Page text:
By Jean-Luc Bourdon on May 24, 2013
With this year’s tax season behind us, it is now time to take the next steps to maintain personal finances in good order. After filing your taxes, it makes good sense to evaluate your tax strategy and review all other aspects of your financial life. Constant changes to the tax code and your evolving personal circumstances make tax planning particularly dynamic. The stakes involved make it worthwhile.
In 2013, Americans will pay $4.22 trillion in federal and state taxes, according to the Tax Foundation. Are you curious about how much total taxes you personally pay? The website www.totaltaxinsights.org can help you find out and will likely surprise you. Changes effective in 2013 create additional layers of tax complexity which individuals need to become familiar with. In prior years, federal and state income taxes, capital gain taxes, the Alternative Minimum Tax , or AMT, and payroll taxes — among other things — already created multiple taxation schemes. This year, the additional complexity makes holistic tax planning an increasingly multi-faceted challenge.
For example, due to the new 3.8 percent Medicare tax on investment income, there are now essentially four long-term capital gains tax brackets: 0 percent, 15 percent, 18.8 percent, and 23.8 percent.
For federal income taxes, there is now one additional tax bracket: 39.6 percent. The phase-out of itemized deductions and personal exemptions is coming back after years of absence. This adds to Proposition 30 changes which, last year, brought California’s maximum marginal income tax rate to 13.3 percent — the highest in the country!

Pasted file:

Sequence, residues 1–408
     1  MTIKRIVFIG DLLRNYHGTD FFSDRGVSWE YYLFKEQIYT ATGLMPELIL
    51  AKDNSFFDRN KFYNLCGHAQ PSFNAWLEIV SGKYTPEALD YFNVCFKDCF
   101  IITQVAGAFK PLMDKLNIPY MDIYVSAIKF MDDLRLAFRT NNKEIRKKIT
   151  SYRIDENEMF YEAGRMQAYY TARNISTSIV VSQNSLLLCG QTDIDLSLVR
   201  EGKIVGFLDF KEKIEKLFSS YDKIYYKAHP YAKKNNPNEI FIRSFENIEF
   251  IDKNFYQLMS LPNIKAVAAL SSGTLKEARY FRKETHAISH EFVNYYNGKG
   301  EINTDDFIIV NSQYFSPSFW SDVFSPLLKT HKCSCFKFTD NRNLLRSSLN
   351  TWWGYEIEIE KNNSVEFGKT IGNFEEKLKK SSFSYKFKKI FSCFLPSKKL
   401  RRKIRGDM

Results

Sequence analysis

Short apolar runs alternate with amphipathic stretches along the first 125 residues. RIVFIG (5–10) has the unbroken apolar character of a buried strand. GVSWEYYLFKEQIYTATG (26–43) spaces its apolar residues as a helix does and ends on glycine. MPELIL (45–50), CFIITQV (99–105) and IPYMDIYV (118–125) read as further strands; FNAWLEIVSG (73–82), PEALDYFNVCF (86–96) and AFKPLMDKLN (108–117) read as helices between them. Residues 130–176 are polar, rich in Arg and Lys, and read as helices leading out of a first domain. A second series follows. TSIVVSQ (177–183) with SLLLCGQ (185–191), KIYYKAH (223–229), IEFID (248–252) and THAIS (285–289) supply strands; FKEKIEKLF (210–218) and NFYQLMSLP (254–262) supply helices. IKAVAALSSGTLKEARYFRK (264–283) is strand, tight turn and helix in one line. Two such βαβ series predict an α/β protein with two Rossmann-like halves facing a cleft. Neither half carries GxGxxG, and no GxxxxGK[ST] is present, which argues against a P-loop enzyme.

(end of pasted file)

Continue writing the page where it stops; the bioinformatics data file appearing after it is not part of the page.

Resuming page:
Unfortunately, much planning is attempted reactively at tax time. While some tax strategies can still be used then (e.g. IRA, SEP, HSA contributions), the most valuable opportunities must be seized pro-actively before Dec. 31. Those who do plan ahead sometimes evaluate this year’s taxes by entering current projections in the prior year’s tax preparation software. Beware that this method will miss the most potentially significant changes applicable in 2013.
Taxpayers with less than $200,000 of yearly income aren’t generally affected by the most disadvantageous changes of The American Taxpayer Relief Act of 2012. Yet, at any income level, tax planning is the next logical step to capitalize on the effort you already invested in tax preparation.
Because tax permeates all aspects of personal finance, tax deadlines naturally lead to revisiting other aspects of financial planning, including investment, estate, retirement, education, charitable planning, as well as risk management and asset protection.
As such, tax deadlines can help reach your overall financial goals. Take full advantage of April 15, the tax payment deadline, Oct. 15, the last tax-filing deadline, and Dec. 31, the tax strategy deadline. Each deadline offers a convenient reminder to periodically check your financial vital signs. Of course, sound personal finance management is a year-round process and good financial health comes from daily routine. But periodic reminders help bring awareness, purpose and discipline to your day-to-day personal finance decisions. As a result, establishing annual financial habits can not only help minimize your taxes, but also reach and protect what matters most to you.
• Jean-Luc Bourdon is a certified public accountant, wealth advisor and principal with BrightPath Wealth Planning, LLC in Santa Barbara, Camarillo and Westlake Village. He serves on the Personal Financial Specialist Credential Committee and task forces of the Personal Financial Planning Executive Committee of the American Institute of CPAs. Contact him at [email protected]
— This information is for information purposes only and is not intended as tax, legal, or financial advice for any particular individual.